Music is known to be therapeutic and calming; it makes people happy, makes people move, and also makes us think. On May 30th, Emma Warren raised this point in her blog, focusing on Professor Nigel Osbourne who studies the links between music and its therapeutic affects on traumatised children in Uganda, Palestine and the border of Thailand and Myanmar. You can read her piece and watch videos of Nigel Osbourne speaking here. Emma’s account of her visit to a talk at London’s Science Museum highlighted something we all know has a constant influence on us, but (perhaps because it’s so obvious) it’s also a fact that is rarely raised in the forefront of music analysis.
In contrast with this beautiful aspect of music raised by the long-time music journalist, it was really interesting to see one of our favourite labels, Hyperdub, point out some opposing effects that music has upon us as humans. It took the form of a link to Al Jazeera’s film ‘Songs of War’ posted on their Twitter today. The programme focuses on Sesame Street composer Christopher Cerf, who found out in 2003 that his music made for children’s learning purposes had been used as a form of torture in Guantanamo Bay. He speaks of his horror of “music being perverted to serve evil” and spends this 50-minute documentary asking “What is it about music that would make it work for that purpose?”, while looking at things such as the musical torture guidelines drafted by the CIA that are used to get prisoners to ‘speak’.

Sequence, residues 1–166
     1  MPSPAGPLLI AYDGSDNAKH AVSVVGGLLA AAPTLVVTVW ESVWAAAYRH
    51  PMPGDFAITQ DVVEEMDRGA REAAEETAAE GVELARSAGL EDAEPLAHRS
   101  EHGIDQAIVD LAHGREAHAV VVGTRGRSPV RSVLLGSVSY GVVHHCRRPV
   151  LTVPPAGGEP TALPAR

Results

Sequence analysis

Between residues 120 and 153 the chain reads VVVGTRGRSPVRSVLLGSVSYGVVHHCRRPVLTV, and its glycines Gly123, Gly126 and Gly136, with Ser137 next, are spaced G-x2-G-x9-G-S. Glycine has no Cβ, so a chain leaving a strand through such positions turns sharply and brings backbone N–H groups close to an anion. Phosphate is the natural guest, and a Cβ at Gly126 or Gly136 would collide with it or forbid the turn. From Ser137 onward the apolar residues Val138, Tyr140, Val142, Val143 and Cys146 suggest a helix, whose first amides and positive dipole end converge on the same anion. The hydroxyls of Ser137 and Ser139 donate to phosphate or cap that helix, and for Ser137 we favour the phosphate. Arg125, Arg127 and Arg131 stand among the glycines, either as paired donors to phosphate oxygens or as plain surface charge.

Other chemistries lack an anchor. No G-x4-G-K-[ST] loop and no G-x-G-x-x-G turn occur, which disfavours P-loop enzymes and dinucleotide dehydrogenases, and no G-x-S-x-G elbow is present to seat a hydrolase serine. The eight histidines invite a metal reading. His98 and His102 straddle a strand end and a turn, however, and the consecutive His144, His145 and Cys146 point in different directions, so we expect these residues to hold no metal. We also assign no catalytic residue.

Both insights highlighted here look at completely contrasting methods of manipulative musical use. One thing they do have in common, though, is that both studies focus on the psychological effects, both good and awfully bad, that music has on us. They are interesting reminders of the length to which crafted sound impacts our lives and minds.
Watch the ‘Songs of War’ documentary above, and read Al Jazeera’s full description of ‘Songs of War’ here.